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The Giants almost certainly aren't the best team in baseball

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Embrace it.

Christian Petersen

Good guy, smart writer, and Internet gadfly David Schoenfield kicked over a hornet's nest of online Giants fans with an article titled, "Welcome to the worst World Series ever." In this piece, he had the audacity to question the talent of a team that made the playoffs through a loophole that didn't exist three years ago. ESPN uses Facebook-tethered comments, which are always just the best, and boy, did the angry Internet Giants fans give him the business.

This is because getting respect from each and every corner of the universe, down to President Obama randomly pledging fealty to the Giants in the middle of a State of the Union address, is more important to some people than, you know, enjoying this ridiculous postseason. So here are a couple of truisms:

1. We don't know which is the best team in baseball, and we never will

What this would require: a 100,000-game season with vampire players who never got hurt or tired. The Giants finished with 88 wins, but they're ... lemme check ... 8-2 since then. They were the best team in baseball until they weren't, after which they were the best team in baseball again for the two weeks they needed to be. I don't know if this team would finish in first place in the NL West after a 100,000-game season with regenerating vampire players. I have a guess. But I don't know.

As is, it's a long season, but not long enough for certainties. Maybe around the 300th game, the Giants would rip off a 10-game winning streak and storm into first. Maybe around the 190th, they'd fall 10 games back of the second wild card. Yet there are people who act as if the baseball gods descended from the heavens in chariots made of fire and horsehide after the 162nd game to place wreaths of rosin on the heads of every player on playoff teams.

Baseball God: These are the true champions, by our decree. They have proven in 162 games what could not be proven in 161! They are the BEST TEAMS IN BASEBALL. Now they must have a tournament for our amusement.

Baseball God: /winks at Travis Ishikawa

Baseball God: /throws hotel key at Travis Ishikawa

Travis Ishikawa: I am incredibly uncomfortable right now.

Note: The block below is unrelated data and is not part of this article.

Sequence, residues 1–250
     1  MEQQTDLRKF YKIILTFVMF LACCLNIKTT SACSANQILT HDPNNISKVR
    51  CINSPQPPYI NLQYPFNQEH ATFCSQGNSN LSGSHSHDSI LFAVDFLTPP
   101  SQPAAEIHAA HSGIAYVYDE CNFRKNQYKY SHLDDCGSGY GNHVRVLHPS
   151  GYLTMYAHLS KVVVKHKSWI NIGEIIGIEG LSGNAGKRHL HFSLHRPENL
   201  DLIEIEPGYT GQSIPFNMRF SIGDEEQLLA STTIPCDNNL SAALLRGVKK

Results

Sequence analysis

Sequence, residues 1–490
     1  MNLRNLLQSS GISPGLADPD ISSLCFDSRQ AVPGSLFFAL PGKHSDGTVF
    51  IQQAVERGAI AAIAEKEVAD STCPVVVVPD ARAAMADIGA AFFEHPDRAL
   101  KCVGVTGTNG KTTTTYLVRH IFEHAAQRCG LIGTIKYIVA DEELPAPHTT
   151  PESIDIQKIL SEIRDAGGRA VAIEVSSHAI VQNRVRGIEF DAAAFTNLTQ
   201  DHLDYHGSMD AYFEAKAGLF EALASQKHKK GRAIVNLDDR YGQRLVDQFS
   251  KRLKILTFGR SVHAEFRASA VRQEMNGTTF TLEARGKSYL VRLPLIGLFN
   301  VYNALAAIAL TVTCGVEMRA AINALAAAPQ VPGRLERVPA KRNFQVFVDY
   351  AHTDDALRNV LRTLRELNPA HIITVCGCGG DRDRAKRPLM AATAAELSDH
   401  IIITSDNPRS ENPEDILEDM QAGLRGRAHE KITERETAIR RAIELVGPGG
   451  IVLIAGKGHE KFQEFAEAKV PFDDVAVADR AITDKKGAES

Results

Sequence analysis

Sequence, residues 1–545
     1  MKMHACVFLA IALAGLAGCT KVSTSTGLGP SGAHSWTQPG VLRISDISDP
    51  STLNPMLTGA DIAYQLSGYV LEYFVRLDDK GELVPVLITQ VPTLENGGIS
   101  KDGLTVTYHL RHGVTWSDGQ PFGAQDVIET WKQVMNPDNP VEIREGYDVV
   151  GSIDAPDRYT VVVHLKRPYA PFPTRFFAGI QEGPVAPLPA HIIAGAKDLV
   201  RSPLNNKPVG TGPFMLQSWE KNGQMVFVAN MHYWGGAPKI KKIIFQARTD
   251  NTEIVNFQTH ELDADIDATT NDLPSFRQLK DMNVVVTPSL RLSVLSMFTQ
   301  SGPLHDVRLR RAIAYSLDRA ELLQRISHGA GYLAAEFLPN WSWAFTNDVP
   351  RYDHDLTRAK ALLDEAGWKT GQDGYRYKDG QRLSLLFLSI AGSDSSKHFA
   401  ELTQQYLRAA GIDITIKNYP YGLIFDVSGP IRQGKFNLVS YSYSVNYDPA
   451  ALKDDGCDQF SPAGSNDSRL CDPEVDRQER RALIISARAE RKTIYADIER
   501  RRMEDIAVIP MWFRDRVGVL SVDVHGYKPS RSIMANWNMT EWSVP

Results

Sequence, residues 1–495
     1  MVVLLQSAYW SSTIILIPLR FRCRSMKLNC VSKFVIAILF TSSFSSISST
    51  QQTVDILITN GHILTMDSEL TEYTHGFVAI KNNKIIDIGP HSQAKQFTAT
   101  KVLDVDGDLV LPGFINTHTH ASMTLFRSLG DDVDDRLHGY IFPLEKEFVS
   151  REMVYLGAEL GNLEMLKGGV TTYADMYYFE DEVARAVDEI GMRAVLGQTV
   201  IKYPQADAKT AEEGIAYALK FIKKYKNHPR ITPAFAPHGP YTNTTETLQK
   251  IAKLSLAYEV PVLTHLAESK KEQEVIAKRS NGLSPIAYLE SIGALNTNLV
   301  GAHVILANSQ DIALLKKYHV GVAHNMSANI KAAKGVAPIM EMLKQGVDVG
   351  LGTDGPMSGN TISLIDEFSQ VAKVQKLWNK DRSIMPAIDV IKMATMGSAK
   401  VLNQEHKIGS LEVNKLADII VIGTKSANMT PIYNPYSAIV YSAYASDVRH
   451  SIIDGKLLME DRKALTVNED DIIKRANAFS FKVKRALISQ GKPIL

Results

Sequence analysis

We don't know if the 2003 Giants were the best team in baseball. We don't know if the 2012 Giants were the best team in baseball. We'll never know. There's a maximum of 182 games in a year. That's too few to make grand, definitive proclamations about any team.

2. I'm pretty sure the Giants aren't the best team in baseball

As in, if there were a 100,000-game simulation, with the highest winning percentage winning the championship, my money wouldn't be on the Giants as currently constructed. Angel Pagan's out. Matt Cain's out. Ryan Vogelsong might be one of the sketchiest starting pitchers on any postseason roster. The bullpen is leaking oil. Travis Ishikawa is literally starting in left field. It's a good team with a lot of talent, don't get me wrong. But the best? Empirically, the best? I can't go that far. They might be better than the Cardinals (or Royals), but I'm almost certain that the Nationals are a better collection of 25 players.

Which means very little in the postseason, apparently. Looking at the postseason as some sort of validation of "the best team" is silly. We'll never know. What does "best team" even mean? The most talent? The best record over an arbitrary stretch of games? Whatever the parameters, though, I'm pretty sure the 2014 Giants aren't the answer.

3. Embrace it, don't fight it

Embrace it. Embraaaaaaace it. The Giants are trolling so danged hard right now. They won an 18-inning game after an umpire gave Joe Panik a walk on balls (read: not strikes) he had been calling strikes all day. They got out of a rally in Game 5 of the NLCS when Pablo Sandoval deflected a ball right to Brandon Crawford. They won the 2012 World Series in part because Scott Rolen made an error.

That's how every postseason series is won by every team. Every pennant winner gets breaks and makes their own breaks and plays well enough to make up for the instances where they play poorly. It's pretty rare to see a team like the 1975 Reds, a steamroller of a team that cartoonishly flattened every other team in their path. Even then, if you played the '75 postseason over and over again, that Reds team would eventually lose. They'd eventually get swept. The postseason is about what happened, not what should have happened.

The Giants probably aren't the best team in the National League. They're the best team in the National League currently in the World Series, though. That's all I care about. That, and them being the best team in baseball over the next four games, outscoring their opponent, 40-0. Everything else is a pile of semantics I can't imagine worrying about.